As many of you all know, I am a BIG fan of Frida Kahlo. Big fan may be an understatement. For me, being a Frida Stan has very little to do with her artwork, and everything to do with the woman behind the art.
Clearly, I love Frida’s use of vibrant colors, her insane fashion choices, her commitment to her favorite motif (herself!), and her deep dive into macabre, surrealist dreamscapes, however, it’s always been Frida’s sassy tongue, ability to stand up to the Man, National pride, and unmatched physical and emotional resilience that has made me fall deeper under her spell.
I don’t just love her because it’s the trendy thing to do (although both me and Beyonce have adoringly tried to pull of her essence during book character parades and even the Women’s March).
I don’t just love her because her acrobatic braids, gloomy skeletons, personified fruit baskets, animal sidekicks and flirtatious smile are plastered to tchotchkes near and far, although I do.
I love her for using art as a communication medium. As great artists should.
I imagine her sipping espresso and eating pasteles, like the ones you can find in the bakeries on every corner throughout her boujee neighborhood of Coyoacán in Mexico City, sitting in the garden of Casa Azul (the dreamiest place on earth), toiling about her daily artistic process. Here I am trying to do just that.
“What to paint? What to paint?” she might say. “Unicorns? Rainbows? Hearts and smiley faces? No! I have an idea! How about the womb-stealing pain of infertility? The bogus ideals of feminine beauty? Physical disabilities? Corrupt governments? The loyalty of animals or better yet, disloyalty of sisters and husbands! Visibility of indigenous peoples? Sure! Depression? Yes! How about identity? OK!”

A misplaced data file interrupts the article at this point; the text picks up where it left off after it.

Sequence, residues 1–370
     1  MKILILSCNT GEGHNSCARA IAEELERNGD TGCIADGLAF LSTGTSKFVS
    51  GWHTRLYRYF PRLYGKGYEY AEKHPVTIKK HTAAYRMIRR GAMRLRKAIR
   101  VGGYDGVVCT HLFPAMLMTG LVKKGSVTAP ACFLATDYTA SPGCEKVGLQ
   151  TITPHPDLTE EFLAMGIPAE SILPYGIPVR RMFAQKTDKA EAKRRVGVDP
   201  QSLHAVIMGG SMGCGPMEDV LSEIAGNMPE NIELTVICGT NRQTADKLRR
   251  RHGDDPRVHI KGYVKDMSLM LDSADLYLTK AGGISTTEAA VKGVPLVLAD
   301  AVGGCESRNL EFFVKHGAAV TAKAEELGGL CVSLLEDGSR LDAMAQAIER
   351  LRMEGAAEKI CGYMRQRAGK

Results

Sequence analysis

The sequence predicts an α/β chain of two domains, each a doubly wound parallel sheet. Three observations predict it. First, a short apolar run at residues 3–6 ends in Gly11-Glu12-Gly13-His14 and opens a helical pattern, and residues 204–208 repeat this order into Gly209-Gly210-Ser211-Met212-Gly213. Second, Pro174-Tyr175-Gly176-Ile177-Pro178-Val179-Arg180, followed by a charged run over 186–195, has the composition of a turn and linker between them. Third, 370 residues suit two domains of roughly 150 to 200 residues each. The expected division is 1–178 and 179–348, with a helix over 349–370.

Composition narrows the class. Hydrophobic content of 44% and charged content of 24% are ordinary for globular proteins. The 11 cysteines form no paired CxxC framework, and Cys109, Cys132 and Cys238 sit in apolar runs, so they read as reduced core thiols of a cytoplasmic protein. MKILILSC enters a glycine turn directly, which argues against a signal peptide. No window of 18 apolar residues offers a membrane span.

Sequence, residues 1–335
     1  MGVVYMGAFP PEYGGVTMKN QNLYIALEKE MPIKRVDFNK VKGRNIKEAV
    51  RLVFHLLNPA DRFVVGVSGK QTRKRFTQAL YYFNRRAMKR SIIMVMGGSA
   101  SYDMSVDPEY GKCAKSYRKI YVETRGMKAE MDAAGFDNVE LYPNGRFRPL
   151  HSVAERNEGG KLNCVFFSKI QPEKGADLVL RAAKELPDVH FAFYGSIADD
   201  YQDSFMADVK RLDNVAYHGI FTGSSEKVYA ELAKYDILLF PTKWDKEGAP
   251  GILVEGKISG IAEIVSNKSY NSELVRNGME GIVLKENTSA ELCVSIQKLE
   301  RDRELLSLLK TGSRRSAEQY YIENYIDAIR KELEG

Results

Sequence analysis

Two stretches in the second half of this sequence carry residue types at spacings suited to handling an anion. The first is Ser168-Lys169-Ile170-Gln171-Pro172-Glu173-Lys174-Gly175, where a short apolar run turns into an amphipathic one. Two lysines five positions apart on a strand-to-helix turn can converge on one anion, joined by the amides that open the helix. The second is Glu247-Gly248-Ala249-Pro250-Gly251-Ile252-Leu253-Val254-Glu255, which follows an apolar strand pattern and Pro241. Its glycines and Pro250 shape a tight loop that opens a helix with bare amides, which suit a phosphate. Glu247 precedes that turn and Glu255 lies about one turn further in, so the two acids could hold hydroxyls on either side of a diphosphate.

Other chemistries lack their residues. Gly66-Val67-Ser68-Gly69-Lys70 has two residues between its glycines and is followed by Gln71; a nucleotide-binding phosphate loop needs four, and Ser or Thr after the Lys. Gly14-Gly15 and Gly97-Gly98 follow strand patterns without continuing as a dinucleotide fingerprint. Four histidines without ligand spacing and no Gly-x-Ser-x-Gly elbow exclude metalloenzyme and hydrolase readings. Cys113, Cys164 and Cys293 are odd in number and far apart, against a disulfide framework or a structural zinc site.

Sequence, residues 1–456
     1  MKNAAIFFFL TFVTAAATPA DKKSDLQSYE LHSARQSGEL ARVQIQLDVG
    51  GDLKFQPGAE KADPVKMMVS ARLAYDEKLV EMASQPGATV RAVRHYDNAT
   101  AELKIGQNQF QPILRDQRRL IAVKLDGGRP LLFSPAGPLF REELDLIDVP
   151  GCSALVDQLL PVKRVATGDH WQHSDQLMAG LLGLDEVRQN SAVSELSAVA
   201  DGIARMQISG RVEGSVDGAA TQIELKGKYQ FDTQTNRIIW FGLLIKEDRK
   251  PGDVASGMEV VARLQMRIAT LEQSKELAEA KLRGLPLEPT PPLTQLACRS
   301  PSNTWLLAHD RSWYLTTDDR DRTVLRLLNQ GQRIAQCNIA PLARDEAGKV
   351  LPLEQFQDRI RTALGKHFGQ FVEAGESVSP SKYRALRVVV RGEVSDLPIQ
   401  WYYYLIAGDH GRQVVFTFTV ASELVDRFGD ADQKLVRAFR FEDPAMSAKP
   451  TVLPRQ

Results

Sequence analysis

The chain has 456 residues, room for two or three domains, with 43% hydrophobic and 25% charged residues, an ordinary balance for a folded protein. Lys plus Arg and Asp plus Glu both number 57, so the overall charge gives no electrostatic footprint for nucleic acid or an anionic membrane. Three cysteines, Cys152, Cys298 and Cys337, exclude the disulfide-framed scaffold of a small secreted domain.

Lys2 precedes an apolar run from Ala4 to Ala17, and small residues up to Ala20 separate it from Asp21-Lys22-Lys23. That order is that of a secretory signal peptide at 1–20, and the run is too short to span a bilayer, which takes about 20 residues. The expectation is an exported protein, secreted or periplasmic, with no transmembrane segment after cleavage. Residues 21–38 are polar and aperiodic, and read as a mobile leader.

You know what Frida probably never said?
“Let’s paint something PRETTY!”
Although this portrait of Frida’s sister, Christina, is so. darn. pretty.
As a teacher of young kids, I really try to instill the value of making sure the art they create says something. It can absolutely be pretty. Yes, please. But how about pretty AND something. Just as a person would like to be know for being more than just pretty, so, too does art.
Frida is a very helpful artist when trying to broach topics such as body positivity and self love with students. The attention, care, and confidence she devoted to her physical appearance is unmatched. Frida’s short stature, crippled leg, upper lip hair, wheelchair, and unibrow are never things that detracted from her beauty and magnetism. Her artistry and image, however calculated and curated they were, made a consistent effort to take the things an average person may see as flaws, and turn them into superpowers. Self confidence can do that. Being fearless in the face of what others think about you gives you the freedom to embrace your uniqueness for good.
So today, in the name of “Oh wow I could really use a haircut, shave, run, visit to the dentist, new roll of deodorant, and some sun on my cheeks, but can’t because of shelter-in-place measures” let’s all let our symbolic unibrows grow wild and free together and be better for it.